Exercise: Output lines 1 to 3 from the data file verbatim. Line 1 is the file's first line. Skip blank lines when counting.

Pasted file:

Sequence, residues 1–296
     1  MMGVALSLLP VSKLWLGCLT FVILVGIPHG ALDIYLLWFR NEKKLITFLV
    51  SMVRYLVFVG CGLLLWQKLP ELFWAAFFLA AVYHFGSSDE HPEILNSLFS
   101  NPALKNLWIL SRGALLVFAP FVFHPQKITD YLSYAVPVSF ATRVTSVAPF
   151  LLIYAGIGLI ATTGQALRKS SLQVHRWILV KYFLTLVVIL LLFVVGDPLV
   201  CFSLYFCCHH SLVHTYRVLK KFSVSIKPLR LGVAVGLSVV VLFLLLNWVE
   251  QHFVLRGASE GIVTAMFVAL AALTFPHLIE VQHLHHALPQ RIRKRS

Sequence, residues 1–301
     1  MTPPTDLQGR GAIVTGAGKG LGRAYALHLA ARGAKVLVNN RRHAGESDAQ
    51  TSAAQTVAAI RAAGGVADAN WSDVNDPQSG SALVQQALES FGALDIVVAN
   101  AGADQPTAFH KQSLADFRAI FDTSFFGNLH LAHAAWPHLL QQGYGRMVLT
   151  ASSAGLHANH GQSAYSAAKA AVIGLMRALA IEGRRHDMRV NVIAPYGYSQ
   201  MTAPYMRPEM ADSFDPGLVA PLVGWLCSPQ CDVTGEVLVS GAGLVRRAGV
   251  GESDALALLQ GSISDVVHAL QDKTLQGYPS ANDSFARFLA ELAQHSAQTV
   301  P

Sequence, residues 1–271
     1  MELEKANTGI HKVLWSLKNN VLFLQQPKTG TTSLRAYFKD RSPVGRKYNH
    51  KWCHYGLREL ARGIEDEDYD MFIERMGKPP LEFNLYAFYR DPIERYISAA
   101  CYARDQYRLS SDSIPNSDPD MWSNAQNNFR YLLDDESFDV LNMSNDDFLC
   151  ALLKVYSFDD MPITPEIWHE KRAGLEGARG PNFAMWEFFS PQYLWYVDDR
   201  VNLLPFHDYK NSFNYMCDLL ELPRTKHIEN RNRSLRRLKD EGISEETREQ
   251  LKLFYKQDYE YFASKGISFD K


Sequence, residues 1–296
     1  MMGVALSLLP VSKLWLGCLT FVILVGIPHG ALDIYLLWFR NEKKLITFLV
    51  SMVRYLVFVG CGLLLWQKLP ELFWAAFFLA AVYHFGSSDE HPEILNSLFS